It’s easy to see how this would have been an immediate and great benefit to our members.

It is a misunderstanding of how trade unionism works to insist that a union concern itself only with its apparent immediate needs.

Just as one worker or one musician standing alone cannot ensure fairness and justice, one local union or one trade union cannot protect its members without considering its relationship to the rest of the labor movement and those movements that protect and advance the rights of working people.

And when you think about it, all social movements by and large stand for working people.

Those of wealth and power don’t need to worry about protecting their rights. Their interests are served by defeating social movements.

Part of a union’s mission is to join in common cause with activists fighting for various rights in order to create an environment in which a union has a better place in which to maneuver for the rights of its members.

The reverse is also true.

Advocates of social justice movements who understand the nature of change and power know that making common cause with the union movement is a necessary ingredient for victory.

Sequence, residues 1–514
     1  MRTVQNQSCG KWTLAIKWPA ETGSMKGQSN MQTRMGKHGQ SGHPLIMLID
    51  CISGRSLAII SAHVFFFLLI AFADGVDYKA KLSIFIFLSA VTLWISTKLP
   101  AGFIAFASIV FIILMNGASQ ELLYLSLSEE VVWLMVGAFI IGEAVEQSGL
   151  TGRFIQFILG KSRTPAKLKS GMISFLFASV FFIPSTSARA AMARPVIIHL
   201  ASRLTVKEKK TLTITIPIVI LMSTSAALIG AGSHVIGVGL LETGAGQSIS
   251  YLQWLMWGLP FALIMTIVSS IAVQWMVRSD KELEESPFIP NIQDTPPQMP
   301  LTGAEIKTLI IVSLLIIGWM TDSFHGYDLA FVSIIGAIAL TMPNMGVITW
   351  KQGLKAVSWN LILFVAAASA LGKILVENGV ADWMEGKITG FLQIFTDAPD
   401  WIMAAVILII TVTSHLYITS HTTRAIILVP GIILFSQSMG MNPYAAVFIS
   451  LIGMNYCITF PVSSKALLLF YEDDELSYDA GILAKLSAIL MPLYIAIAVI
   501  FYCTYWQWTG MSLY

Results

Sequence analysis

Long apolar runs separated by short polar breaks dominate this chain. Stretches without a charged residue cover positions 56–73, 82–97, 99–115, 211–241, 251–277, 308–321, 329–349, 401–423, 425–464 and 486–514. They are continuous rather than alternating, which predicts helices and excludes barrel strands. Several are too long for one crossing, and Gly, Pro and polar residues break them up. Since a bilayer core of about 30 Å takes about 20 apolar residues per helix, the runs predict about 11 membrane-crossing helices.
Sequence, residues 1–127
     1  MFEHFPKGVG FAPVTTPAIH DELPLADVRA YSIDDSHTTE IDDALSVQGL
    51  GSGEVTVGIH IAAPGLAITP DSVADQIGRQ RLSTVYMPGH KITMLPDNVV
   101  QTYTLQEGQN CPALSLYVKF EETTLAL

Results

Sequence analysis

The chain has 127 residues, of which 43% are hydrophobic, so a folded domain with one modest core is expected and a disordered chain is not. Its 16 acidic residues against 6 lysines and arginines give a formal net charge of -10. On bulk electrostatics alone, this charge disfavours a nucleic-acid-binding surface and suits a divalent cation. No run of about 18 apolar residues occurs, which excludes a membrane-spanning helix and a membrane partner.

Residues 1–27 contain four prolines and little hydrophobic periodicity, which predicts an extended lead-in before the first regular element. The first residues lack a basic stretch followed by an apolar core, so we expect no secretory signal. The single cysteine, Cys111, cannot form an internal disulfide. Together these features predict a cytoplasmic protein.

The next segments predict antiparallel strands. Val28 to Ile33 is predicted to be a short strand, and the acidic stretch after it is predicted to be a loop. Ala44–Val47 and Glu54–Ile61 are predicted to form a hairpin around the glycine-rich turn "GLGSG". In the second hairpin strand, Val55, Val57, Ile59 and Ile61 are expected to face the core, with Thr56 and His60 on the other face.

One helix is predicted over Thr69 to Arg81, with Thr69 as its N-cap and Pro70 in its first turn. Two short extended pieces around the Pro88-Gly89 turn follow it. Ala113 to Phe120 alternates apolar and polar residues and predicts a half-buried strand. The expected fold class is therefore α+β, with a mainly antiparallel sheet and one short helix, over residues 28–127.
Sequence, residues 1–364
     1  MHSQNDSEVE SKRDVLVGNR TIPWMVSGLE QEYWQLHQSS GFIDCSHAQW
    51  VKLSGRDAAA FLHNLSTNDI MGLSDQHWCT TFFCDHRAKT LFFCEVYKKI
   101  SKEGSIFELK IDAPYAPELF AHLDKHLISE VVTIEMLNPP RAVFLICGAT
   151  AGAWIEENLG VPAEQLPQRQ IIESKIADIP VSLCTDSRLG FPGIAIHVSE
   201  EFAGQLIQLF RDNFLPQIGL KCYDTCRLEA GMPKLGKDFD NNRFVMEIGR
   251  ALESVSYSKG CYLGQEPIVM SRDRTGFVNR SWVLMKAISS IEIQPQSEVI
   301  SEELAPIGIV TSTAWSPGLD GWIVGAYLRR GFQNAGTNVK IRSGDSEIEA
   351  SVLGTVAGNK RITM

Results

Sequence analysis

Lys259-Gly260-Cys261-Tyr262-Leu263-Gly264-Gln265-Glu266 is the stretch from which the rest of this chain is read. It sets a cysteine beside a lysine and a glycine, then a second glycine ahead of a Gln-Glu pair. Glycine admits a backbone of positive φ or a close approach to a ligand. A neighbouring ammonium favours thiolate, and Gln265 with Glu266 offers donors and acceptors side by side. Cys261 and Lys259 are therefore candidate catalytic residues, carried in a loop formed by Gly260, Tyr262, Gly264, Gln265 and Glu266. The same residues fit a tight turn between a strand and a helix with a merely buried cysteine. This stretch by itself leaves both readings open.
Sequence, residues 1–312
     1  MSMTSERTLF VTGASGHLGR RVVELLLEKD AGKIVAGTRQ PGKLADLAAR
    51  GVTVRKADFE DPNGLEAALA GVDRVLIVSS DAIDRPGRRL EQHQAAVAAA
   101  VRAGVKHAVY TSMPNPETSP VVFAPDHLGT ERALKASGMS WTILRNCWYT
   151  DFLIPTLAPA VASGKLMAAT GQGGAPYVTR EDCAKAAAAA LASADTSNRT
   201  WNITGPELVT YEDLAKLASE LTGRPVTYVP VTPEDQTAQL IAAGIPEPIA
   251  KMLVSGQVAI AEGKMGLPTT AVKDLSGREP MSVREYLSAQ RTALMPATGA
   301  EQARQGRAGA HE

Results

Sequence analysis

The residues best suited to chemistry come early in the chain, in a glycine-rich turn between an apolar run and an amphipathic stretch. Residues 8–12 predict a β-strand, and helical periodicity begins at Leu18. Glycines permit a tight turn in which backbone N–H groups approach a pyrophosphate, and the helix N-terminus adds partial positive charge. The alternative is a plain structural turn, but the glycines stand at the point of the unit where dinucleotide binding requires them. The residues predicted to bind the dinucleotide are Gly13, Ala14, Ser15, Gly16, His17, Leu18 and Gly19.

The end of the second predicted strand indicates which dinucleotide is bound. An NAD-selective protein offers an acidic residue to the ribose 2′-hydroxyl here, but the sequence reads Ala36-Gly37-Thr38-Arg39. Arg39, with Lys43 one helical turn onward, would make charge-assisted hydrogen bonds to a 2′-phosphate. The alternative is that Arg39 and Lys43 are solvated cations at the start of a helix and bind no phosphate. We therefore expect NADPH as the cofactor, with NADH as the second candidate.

No one knew this better than Martin Luther King, Jr., who, when speaking of the civil rights movement, said, “Our needs are identical with labor’s needs: Decent wages, fair working conditions, livable housing, old-age security, health and welfare measures, conditions in which families can grow, have education for their children, and respect in the community.”

It’s also a mistake to think that tackling the broader political questions that affect Local 802 members is something that began with this or the last administration.

John Glasel, who few would dispute contributed a great deal to the well-being of Local 802 and its members, was no stranger to union activism on a national and international level.

A headline in the January 1985 Allegro reads, “802 Marches For Human Rights.” The article describes how Local 802 took part in two major demonstrations in New York protesting apartheid in South Africa and supporting a strike of copper miners against the Phelps Dodge Company in … this should ring a bell… Arizona!

What kind of union would we be if we ignored every cause that went beyond Broadway and Lincoln Center? I would maintain we would have very few friends in a political climate that increasingly demands a great many friends.

We just saw a midterm election that seated in Congress men and women whose goals are well documented.

These goals include the dismantling of some of the few tools that unions have left to their disposal.

Is it beyond Local 802’s scope to support candidates that support labor rights? Or to work for the defeat of those who would love to see the further erosion of union rights?

These candidates were not created in a vacuum. They are the same candidates that supported the law in Arizona that makes it a crime to look Mexican without a permit.

If we confine ourselves to the narrowest definition of what our scope is, what happens when we need to call on those we need in our hour of darkness?

A narrow definition of our scope is just that: narrow.